In the new rule book (RRS 2009-2012) the old rule 18, about rounding and passing marks and obstructions, has been split into two rules: 18 dealing with MARK-ROOM and 19 ROOM TO PASS AN OBSTRUCTION.
I have had some inquiries and comments on what the effect will be of the new wording in rule 19, particularly for boats on the starting line. Let's first look at the rule(s):
Rule 19.2(b) States: 'When boats are overlapped, the outside boat shall give the inside boat room between her and the obstruction, unless she has been unable to do so from the time the overlap began'
Definitions: Obstruction; An object that a boat could not pass without changing course substantially, if she were sailing directly towards it and one of her hull lengths from it. An object that can be safely passed on only one side and an area so designated by the sailing instructions are also obstructions. However, a boat racing is not an obstruction to other boats unless they are required to keep clear of her, give her room or mark-room or, if rule 22 applies, avoid her. A vessel under way, including a boat racing, is never a continuing obstruction.
For a boat approaching from behind, the boats lined up on the starting line are obstructions. She has to keep clear under rule 12. If she finds a gap between two of those boats the situation changes. From the moment the clear behind boat establishes an overlap with the windward boat of those two boat in front, she is no longer keep clear boat to both of them, she only has to keep clear of the leeward boat. Initially she has to give the windward boat room to keep clear under rule 15 but then that passes and she becomes right of way boat.
Under RRS 2005-2008 the two front boats were also a continuing obstruction and the boat from clear behind could not force his way in between if there was no room to do so at initial overlap.
Under RRS 2009-2012, boats racing can no longer be a continuing obstruction, so that part is gone. We only have rule 19.2(b) to rely on. At the moment the overlap was established, the windward boat has to give room, if she is able to.
If there are boats to windward she cannot luff and give room, you say? I received an interesting article from Mike Butterfield addressing this very issue:
How will they start in 2009 – line length issues!
I was just looking at the new rules and changes for Team Racing, and came across a game change that could affect starting in yacht races. Present I am considering a start line, the boats are in ranks, with the first rank spread down the line. We are used to the cries of UP, UP, UP, and often inactivity on behalf of the windward boat. The rules were in some areas complex, in some simple.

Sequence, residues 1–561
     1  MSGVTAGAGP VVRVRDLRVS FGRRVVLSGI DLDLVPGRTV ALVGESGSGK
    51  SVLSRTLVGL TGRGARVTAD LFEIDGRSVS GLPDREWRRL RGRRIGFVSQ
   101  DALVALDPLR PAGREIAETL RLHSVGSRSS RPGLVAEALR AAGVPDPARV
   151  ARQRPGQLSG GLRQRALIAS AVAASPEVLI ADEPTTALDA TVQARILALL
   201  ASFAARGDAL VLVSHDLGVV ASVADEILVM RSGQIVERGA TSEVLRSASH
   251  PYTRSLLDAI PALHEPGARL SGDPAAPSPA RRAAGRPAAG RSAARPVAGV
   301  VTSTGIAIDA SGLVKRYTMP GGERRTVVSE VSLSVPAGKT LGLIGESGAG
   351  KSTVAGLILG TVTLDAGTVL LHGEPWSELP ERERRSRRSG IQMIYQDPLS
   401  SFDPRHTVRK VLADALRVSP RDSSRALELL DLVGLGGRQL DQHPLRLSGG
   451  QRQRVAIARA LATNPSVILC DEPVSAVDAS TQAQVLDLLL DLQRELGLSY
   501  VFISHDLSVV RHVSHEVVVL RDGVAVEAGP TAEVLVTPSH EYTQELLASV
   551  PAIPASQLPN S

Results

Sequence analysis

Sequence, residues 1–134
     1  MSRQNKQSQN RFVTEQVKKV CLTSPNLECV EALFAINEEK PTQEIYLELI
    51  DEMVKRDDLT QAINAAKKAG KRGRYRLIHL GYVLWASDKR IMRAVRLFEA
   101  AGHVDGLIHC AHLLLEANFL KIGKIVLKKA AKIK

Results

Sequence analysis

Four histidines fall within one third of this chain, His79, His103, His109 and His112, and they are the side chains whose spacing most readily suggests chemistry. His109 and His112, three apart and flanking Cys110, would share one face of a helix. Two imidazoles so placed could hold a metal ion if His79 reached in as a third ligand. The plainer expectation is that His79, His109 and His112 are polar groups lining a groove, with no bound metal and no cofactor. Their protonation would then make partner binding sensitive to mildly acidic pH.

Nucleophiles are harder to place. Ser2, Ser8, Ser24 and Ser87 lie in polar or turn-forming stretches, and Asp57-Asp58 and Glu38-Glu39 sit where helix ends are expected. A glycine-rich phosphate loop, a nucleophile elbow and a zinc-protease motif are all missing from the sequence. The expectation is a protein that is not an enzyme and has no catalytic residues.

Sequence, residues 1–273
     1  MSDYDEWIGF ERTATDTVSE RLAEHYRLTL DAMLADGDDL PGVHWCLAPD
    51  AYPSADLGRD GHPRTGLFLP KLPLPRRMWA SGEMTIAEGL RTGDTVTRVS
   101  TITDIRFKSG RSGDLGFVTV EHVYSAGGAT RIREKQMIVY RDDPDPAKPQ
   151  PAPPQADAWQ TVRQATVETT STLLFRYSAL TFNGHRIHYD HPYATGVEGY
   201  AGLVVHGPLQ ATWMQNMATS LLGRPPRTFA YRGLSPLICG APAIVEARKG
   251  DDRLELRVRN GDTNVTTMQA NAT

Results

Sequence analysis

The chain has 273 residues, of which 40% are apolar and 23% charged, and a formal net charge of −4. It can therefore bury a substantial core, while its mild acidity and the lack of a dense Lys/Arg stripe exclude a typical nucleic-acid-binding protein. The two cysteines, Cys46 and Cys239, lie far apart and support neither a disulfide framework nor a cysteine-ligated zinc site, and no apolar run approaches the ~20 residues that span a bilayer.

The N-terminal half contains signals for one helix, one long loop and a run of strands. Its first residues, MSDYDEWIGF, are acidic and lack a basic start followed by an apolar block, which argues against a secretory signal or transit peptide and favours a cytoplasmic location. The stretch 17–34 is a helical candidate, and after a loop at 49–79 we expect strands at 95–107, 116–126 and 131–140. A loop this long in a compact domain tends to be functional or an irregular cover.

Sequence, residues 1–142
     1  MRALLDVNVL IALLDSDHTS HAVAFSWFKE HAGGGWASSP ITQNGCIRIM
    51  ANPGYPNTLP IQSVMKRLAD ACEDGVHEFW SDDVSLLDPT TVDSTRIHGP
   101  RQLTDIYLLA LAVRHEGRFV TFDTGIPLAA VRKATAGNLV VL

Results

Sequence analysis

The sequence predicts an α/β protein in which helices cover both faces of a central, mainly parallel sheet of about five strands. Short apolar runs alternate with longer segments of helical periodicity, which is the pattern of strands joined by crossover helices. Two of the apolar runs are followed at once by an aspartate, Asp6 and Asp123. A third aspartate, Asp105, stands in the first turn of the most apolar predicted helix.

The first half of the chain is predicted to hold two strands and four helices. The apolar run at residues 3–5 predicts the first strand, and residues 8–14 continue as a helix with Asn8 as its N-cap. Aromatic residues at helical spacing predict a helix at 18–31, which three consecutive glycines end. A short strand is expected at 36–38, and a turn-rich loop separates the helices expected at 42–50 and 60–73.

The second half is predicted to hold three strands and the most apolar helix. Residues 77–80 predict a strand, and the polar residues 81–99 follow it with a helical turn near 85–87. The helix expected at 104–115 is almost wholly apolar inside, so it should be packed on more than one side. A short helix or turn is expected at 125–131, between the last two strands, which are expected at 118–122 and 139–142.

Two Boats: With two boats one of whom comes from astern, there is a simple progression under the rules. Initially one boat is clear astern of the other and must keep clear. Then that boat establishes a leeward overlap, and the windward boat must now keep clear, but initially the leeward boat has to give “room” to the Windward boat (RRS15) to do so. The windward boat must do all possible which may be to luff but may be to accelerate to keep clear. This can cause boats to be OCS.
Three boats: If there are three boats in the area with the two boats in the first rank just over a boat width apart, then the leeward boat is a continuing obstruction to the windward boat and the boat approaching from astern. This means that the leeward boat now cannot intervene unless at the time the overlap is established there is room to pass between the boats. RRS 18.5.
This means the boat approaching cannot enter the front rank, and in these circumstances cannot oblige the windward boat to accelerate to keep clear. This assists in regulating the start.
Two Boats: There is no change here.
Three boats: This is where the change is, the leeward boat cannot be a continuing obstruction (definitions) so under new rule 19, the boat approaching from clear astern can always put the bow in. Here the leeward boat on the front rank is an obstruction and the boat putting it’s bow in is inside boat relative to the windward boat and entitled to room unless the windward boat has been unable to do so from the time the overlap began.
Here is the problem, the windward boat can always accelerate (as otherwise how could it start) over the line.
Here could be the start of what will look like line indiscipline as boats are forced over or subject to disqualification for not keeping clear. In regattas (especially in team racing) now two boats could work in concert with a friend establishing an overlap too leeward of a target boat, to force it over or protest it. The previous protection in a crowded front rank has now been lost.
Will be need longer start lines or will we be developing a Black Flag lottery?
Mike Butterfield IRO IU IJ
I would like to hear your opinion....